The main symptoms of goiter include a swelling in the front of the neck just below the Adam's apple (the size ranges from a small nodule to a massive lump), hoarseness, neck vein distention, dizziness with the arms raised above the head, a tight feeling in the throat region. Coughing and wheezing due to the compression of the windpipe, shortness of breath along with difficulty with swallowing due to compression of the esophagus are some rare symptoms. Minor symptoms include agitation, shaking, diarrhea, nausea, and vomiting, sweating without out increased boy temperature due to exercise or room temperature, because some individuals with goiters may have an overactive thyroid (hyperthyroidism).
Goiter is diagnosed or evaluated by several testing methods such as
- Physical exams: when the doctor feels the neck area for nodules and signs of tenderness he should be able to detect the goiter.
- Ultrasound of the thyroid: With the image test, the thyroid glad's size and possible presence of nodules are revealed.
- Thyroid scan: A small amount of radioactive material will be injected into a vein and an imaging test provides information on the size and function of the gland. This is only useful in certain circumstances so it is scarcely ordered.
- Hormone tests: the blood is tested and the thyroid hormone levels are determined which tell if the blood is functioning properly.
- CT scan or MRI of the thyroid: The CT scan or magnetic resonance imaging is used to evaluate the size and extent of the goiter. This is done if the goiter extends to the chest and is large.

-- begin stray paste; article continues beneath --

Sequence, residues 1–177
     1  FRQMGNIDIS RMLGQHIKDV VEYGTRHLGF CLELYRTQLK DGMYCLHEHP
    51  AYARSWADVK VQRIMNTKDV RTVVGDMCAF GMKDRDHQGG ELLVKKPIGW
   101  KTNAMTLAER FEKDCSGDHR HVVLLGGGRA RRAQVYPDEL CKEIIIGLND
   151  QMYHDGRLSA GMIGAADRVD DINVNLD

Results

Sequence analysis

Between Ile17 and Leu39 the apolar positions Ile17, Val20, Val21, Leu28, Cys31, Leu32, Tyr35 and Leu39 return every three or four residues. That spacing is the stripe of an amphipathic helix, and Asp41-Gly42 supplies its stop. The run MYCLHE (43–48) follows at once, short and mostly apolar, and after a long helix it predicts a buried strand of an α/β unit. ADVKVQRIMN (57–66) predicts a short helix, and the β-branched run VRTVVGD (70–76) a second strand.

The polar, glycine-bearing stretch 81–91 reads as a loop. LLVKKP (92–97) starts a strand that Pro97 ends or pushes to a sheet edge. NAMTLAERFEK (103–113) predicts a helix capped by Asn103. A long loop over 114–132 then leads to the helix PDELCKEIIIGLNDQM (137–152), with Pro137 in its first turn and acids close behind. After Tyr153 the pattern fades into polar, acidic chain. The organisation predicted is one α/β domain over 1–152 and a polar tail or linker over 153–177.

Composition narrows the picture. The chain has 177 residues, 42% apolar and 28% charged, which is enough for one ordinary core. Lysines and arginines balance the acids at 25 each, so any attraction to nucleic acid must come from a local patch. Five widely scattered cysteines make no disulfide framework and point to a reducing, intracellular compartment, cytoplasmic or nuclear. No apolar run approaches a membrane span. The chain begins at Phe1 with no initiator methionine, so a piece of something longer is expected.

- Antibody tests: There are certain antibodies, which are produced in some forms of goiter, are that are observed.
Goiter is treated depending on the size of the enlargement, the underlying cause, and the symptoms. Treatments typically include:
- Medications: Small doses of iodine can be prescribed in the case of iodine deficiency. Aspirin if the cause is due to inflammation, for overactive thyroids, methhimazol and propylthiouracil, and if an underactive thyroid, Levothyroxine.
- Biopsy: A removal of a sample of tissue or cells may be required the presence of large nodules is in the thyroid gland. It is to rule out cancer.
- Surgery: This is important for the removal of the enlarged thyroid gland that may be causing difficulty breathing. The surgery may either remove all or parts of the thyroid and depending on the amount, replacement treatment may needed which is a lifelong thyroid hormone replacement therapy.
Hemoglobin is the substance in red blood cells that makes it possible for the blood to transport oxygen through the blood. Anemia is a disorder of the blood that occurs when enough hemoglobin is not present in a person's blood. When a person is said to be anemic, it is because they have developed anemia. Each type of anemia there is has developed because the body cannot make enough hemoglobin, the body breaks down red blood cells too quickly, or the hemoglobin that the body develops doesn't work properly. There are several different types of anemia. Some types of anemia present but a mild health problem while on the other hand there are others that have a much more severe effect.